Manganese is a trace mineral that is essential to our bodies in small amounts. Because we cannot make it, we must obtain it in food or supplements. Manganese is a coenzyme that assists many enzymes involved in breaking down carbohydrates, proteins, and cholesterol.  It also assists enzymes in building bones and keeping the immune and reproductive systems running smoothly.  Manganese works with vitamin K to assist in wound healing by clotting the blood.
Manganese is absorbed in the small intestine. Most of the mineral is stored in bone, with smaller amounts in the liver, brain, kidneys, and pancreas. Manganese levels are difficult to measure in the body as dietary intakes do not always correlate with blood levels.
RDA: The Recommended Dietary Allowance (RDA) for adults 19+ years is 2.3 mg a day for men and 1.8 mg for women. For women who are pregnant or lactating, the RDA is 2.0 mg and 2.6 mg, respectively.
UL: The Tolerable Upper Intake Level (UL) for manganese for all adults 19+ years of age and pregnant and lactating women is 11 mg daily; a UL is the maximum daily intake unlikely to cause harmful effects on health.
Manganese and Health
Manganese plays a role in the metabolism of carbohydrates and specifically glucose. In animal studies, a manganese deficiency can impair the action of insulin and disrupt normal blood levels of glucose. However, human studies have shown mixed results on its connection with diabetes.  Case-control studies have shown an association of very high and very low blood levels of manganese and an increased risk of type 2 diabetes. [3,4] Other studies have found no association at all.  Therefore, it is still unclear if higher manganese intakes or manganese supplementation may protect against type 2 diabetes.
Manganese assists enzymes that build bone. Animal studies show that a deficiency of the mineral can reduce bone density and the formation of bone. Human studies have been few and small in size, and have shown conflicting conclusions.  Some observational studies found lower blood levels of manganese in women with osteoporosis versus those without osteoporosis; other studies found no difference. There have been no clinical trials studying the effects of manganese supplementation on bone health.
Manganese is found in a wide variety of foods, from shellfish to grains to legumes, and even spices. Drinking water contains small amounts of manganese.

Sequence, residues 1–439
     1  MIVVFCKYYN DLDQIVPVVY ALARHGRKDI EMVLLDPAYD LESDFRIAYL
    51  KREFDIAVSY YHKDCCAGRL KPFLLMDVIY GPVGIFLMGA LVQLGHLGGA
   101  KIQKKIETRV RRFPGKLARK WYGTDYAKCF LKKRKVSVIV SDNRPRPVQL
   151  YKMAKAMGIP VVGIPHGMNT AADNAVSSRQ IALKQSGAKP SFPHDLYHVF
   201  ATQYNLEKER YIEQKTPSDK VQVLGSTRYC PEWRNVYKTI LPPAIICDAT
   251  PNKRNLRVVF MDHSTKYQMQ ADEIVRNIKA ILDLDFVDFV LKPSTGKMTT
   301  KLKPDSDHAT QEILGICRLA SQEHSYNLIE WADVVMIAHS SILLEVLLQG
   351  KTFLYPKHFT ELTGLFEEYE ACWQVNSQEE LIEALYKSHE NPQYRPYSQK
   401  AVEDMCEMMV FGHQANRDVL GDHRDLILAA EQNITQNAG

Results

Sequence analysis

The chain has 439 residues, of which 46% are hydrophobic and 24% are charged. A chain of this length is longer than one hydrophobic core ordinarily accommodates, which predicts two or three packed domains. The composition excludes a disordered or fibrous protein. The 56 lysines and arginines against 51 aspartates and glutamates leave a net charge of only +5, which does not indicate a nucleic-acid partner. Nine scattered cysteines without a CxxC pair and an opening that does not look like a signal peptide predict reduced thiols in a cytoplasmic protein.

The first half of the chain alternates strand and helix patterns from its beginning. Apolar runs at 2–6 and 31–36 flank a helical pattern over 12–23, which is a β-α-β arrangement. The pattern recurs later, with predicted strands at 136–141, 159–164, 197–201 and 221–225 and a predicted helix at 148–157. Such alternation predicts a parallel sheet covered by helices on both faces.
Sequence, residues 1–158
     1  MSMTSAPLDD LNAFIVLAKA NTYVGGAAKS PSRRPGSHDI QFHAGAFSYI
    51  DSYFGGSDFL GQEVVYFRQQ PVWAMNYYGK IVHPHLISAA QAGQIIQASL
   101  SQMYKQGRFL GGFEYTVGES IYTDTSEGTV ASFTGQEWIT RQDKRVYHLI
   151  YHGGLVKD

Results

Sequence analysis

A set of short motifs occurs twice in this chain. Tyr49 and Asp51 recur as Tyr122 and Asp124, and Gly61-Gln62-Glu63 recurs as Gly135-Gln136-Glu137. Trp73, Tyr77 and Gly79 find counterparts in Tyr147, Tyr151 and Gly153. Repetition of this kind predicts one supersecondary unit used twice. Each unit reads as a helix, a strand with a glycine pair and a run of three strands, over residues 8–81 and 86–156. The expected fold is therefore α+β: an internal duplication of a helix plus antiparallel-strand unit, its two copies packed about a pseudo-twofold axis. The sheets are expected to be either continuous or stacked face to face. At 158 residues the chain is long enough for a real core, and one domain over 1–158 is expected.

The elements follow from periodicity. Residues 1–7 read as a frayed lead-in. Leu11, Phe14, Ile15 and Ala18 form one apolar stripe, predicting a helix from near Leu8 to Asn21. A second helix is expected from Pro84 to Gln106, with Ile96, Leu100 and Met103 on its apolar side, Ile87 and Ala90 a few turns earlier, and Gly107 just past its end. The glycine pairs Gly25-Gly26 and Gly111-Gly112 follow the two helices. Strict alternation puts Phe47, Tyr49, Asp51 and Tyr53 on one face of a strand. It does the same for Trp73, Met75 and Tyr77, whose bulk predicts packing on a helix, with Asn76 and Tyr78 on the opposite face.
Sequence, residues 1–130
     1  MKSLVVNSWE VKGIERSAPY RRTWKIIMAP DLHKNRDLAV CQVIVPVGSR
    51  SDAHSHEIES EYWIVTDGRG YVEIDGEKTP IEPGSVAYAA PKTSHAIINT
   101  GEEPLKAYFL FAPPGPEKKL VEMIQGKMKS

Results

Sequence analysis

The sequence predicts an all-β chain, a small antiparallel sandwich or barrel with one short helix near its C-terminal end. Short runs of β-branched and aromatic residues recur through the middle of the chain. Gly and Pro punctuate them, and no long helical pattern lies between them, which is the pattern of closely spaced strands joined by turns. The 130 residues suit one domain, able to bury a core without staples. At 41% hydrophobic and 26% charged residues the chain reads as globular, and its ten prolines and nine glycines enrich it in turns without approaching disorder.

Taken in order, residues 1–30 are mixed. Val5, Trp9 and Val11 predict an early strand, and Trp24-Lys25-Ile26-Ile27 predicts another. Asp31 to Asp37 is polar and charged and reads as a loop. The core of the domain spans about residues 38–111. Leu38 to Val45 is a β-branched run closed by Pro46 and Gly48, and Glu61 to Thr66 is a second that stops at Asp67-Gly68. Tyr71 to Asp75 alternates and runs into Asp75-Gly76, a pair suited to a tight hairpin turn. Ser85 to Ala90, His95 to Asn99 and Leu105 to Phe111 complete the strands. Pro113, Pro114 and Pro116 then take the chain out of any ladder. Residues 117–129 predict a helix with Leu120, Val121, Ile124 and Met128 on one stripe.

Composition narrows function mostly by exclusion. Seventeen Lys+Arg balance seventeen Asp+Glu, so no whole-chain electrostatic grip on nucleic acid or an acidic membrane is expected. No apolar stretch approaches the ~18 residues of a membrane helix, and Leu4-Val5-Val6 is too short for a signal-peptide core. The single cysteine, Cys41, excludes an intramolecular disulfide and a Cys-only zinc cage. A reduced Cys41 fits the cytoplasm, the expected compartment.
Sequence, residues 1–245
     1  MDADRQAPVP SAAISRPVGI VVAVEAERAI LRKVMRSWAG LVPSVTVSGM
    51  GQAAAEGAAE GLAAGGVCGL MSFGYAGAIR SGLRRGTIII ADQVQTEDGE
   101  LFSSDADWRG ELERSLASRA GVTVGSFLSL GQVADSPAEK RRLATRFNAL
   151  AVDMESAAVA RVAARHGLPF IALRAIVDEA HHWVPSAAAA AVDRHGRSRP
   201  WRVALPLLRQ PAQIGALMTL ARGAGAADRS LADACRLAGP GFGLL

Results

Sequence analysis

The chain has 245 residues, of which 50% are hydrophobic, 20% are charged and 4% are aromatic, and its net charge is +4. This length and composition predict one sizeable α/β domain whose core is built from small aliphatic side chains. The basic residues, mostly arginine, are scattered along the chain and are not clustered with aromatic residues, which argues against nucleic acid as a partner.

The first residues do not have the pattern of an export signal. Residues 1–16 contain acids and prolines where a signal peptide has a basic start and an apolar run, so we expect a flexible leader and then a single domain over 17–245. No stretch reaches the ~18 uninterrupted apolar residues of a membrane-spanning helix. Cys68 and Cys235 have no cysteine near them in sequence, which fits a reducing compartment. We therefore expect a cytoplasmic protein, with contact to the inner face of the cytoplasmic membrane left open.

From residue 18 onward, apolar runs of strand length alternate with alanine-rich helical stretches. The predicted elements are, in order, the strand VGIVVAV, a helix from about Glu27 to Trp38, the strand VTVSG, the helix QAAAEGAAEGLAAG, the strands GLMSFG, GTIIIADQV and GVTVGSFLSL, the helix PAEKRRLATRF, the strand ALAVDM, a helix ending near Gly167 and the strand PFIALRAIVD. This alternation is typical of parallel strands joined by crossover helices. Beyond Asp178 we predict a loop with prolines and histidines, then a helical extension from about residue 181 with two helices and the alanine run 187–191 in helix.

- Shellfish: mussels, oysters, clams
- Nuts, especially hazelnuts and pecans
- Brown rice
- Legumes: soybeans, kidney beans, chickpeas, lentils, peanuts
- Black tea
- Black pepper
Signs of Deficiency and Toxicity
A deficiency of manganese is very rare, and there are no groups of people known to be at risk for developing a deficiency. Therefore, symptoms showing a deficiency have not been clearly established. The absorption of manganese may decrease if eaten with iron-rich foods, as these minerals compete for the same proteins that help with their absorption in the intestines.
There are no reports of reaching toxic levels of manganese from the diet. However, there have been isolated case reports of toxicity shown in people who drank water contaminated with unusually high levels of manganese and in industrial mining and welding workers who inhaled excess amounts of manganese in dust.  Because iron and manganese rely on the same proteins that help with their absorption, having low iron stores (e.g., anemia) can increase manganese absorption and heighten a toxicity if excess manganese is present.
A manganese toxicity targets the central nervous system. Symptoms include:
- Muscle spasms
- Decreased hand-eye coordination
- Decreased balance
- Hearing loss
- Depression, mood changes
Did You Know?
- The main food sources of manganese in the U.S. diet are tea, vegetables, and whole grains.
- Manganese is a component of an antioxidant called superoxide dismutase (SOD), which can protect against cell damage caused by free radical molecules. SOD is an enzyme that breaks down the free radical superoxide into smaller, less harmful molecules.
- Institute of Medicine. Food and Nutrition Board. Dietary Reference Intakes for Vitamin A, Vitamin K, Arsenic, Boron, Chromium, Copper, Iodine, Iron, Manganese, Molybdenum, Nickel, Silicon, Vanadium, and Zinc Washington, DC: National Academy Press; 2001.
- National Institutes of Health Office of Dietary Supplements: Manganese Fact Sheet for Health Professionals. https://ods.od.nih.gov/factsheets/Manganese-HealthProfessional/ Accessed 12/17/2021.
- Forte G, Bocca B, Peruzzu A, Tolu F, Asara Y, Farace C, Oggiano R, Madeddu R. Blood metals concentration in type 1 and type 2 diabetics. Biological trace element research. 2013 Dec;156(1):79-90.
- Shan Z, Chen S, Sun T, Luo C, Guo Y, Yu X, Yang W, Hu FB, Liu L. U-shaped association between plasma manganese levels and type 2 diabetes. Environmental health perspectives. 2016 Dec;124(12):1876-81.
- Simić A, Hansen AF, Åsvold BO, Romundstad PR, Midthjell K, Syversen T, Flaten TP. Trace element status in patients with type 2 diabetes in Norway: The HUNT3 Survey. Journal of Trace Elements in Medicine and Biology. 2017 May 1;41:91-8.
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